Many people facing criminal charges get into treatment of some kind because they think it will look good in the eyes of the prosecution or judge. But is it a good idea?
By and large, yes. In fact, even if the charges don’t relate directly to drug or alcohol abuse, substance abuse treatment may be very helpful. For example, someone who robs a convenience store while high or in order to feed a drug habit is probably well advised to seek help. And even someone who gets into trouble because of an issue other than substance abuse can benefit from quickly getting into treatment—for instance, a person who got into a fistfight and suffers from anger management issues or PTSD.
Short- and Long-term Help
Programs like Alcoholics Anonymous and Narcotics Anonymous, and even more demanding ones, including those at inpatient facilities, often serve defendants well while charges are pending. (They may even become a condition of an eventual probation sentence or part of a diversion program.) A prosecutor who sees that a defendant is trying to take responsibility for substance abuse issues may welcome the effort to get on the straight and narrow. The same goes for a judge who is weighing a sentence.
But getting into treatment is just as valuable for a defendant’s own, internal purposes as it is for the image it projects. Defendants frequently get into treatment—whether for substance abuse or mental health—for the first time only after they’ve had a brush with the law. Even if it’s not their first time in treatment, professional help can keep them out of trouble down the road—not to mention make them happier. It’s a long-term investment that can be hard to appreciate while staring at the immediacy of a criminal case, but one that has huge payoffs.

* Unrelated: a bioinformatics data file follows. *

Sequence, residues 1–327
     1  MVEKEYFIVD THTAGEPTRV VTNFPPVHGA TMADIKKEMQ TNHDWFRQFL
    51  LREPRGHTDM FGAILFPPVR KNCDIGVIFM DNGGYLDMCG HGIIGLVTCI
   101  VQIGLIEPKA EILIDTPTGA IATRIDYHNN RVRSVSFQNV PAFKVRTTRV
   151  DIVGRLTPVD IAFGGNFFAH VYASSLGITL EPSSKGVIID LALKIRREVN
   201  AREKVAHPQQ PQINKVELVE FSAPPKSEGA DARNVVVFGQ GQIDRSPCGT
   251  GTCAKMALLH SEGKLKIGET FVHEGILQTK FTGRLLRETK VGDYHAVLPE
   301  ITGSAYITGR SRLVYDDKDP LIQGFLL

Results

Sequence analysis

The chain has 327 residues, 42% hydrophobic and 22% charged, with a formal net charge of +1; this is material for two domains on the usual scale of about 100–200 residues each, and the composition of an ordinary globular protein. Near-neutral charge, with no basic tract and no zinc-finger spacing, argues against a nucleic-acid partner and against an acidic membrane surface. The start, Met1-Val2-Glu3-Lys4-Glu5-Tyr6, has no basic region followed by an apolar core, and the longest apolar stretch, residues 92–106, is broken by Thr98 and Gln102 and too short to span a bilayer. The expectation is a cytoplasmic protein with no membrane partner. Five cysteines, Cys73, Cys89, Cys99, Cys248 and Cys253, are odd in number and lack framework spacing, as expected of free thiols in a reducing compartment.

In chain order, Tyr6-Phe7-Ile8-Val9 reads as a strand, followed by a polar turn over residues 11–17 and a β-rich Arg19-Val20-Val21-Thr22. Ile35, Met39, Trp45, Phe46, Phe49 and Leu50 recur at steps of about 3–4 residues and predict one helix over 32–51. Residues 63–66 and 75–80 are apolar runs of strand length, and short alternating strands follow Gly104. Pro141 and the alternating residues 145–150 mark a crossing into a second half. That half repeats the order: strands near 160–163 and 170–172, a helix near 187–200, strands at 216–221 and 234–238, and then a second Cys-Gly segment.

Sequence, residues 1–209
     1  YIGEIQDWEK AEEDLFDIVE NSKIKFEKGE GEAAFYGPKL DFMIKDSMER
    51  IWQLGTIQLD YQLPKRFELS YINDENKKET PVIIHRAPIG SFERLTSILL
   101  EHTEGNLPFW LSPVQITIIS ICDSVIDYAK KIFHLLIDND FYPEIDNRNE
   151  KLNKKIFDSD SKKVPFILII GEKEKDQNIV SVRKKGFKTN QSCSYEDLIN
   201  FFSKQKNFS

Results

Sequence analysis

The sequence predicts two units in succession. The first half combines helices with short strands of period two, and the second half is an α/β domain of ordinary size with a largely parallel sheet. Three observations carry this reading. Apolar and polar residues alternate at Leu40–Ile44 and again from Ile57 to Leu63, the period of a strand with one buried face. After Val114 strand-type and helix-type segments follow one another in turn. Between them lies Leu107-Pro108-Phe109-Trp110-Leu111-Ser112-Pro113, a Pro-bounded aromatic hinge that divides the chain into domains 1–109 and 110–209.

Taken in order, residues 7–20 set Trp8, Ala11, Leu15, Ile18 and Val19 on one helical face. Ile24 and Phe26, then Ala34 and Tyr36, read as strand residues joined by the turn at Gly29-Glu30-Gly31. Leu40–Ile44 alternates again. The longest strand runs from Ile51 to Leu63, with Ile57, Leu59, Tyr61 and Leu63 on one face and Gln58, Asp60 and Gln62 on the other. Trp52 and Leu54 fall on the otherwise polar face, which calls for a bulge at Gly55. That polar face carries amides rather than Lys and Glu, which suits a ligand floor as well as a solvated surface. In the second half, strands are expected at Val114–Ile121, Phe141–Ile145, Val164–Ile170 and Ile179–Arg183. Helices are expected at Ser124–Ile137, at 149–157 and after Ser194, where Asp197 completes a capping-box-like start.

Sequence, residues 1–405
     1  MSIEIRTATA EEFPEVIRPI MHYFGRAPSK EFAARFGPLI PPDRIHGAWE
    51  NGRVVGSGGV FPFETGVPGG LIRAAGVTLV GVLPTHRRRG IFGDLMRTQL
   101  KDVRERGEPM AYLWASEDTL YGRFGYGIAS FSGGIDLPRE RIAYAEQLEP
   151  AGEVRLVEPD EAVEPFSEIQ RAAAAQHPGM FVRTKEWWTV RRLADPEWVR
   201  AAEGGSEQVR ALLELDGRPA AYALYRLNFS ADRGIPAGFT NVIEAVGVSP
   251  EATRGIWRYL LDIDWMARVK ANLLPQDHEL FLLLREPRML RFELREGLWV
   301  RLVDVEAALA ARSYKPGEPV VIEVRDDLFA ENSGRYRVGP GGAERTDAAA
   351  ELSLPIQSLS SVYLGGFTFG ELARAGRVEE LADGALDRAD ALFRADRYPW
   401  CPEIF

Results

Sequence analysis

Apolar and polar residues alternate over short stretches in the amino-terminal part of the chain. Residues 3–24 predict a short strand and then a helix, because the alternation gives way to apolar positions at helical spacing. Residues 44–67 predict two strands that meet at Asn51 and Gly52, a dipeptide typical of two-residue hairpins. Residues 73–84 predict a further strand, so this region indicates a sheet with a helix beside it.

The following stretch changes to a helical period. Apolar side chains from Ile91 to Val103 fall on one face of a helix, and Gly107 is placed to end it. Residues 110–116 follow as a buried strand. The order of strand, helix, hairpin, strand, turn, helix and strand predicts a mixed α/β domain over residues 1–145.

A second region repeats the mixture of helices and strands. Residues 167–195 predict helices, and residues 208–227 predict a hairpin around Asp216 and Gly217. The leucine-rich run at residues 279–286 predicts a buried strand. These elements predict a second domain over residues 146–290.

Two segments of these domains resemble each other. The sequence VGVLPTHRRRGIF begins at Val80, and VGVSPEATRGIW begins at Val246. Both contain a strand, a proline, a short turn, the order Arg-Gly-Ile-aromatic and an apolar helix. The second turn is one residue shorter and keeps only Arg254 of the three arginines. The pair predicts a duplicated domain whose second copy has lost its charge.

Using Your Lawyer
Of course, whether you should get into treatment is an issue you should discuss with your lawyer. Your attorney can advise you as to the best course of action and probably has helpful referrals and connections. In addition, he or she can coordinate with treatment professionals and prepare a presentation for the prosecution or the court that highlights your efforts to get better. Indeed, at a sentencing hearing, the testimony of a substance abuse counselor or mental health professional may go a long way.
Oftentimes getting into treatment is valuable even for defendants who plan on going to trial. (But defendants in this situation should consult their lawyers as soon as possible to confirm that a record of treatment won’t interfere with a trial defense.) Treatment has both the ability to help in sentencing should you lose at trial and the lasting potential of improving your life.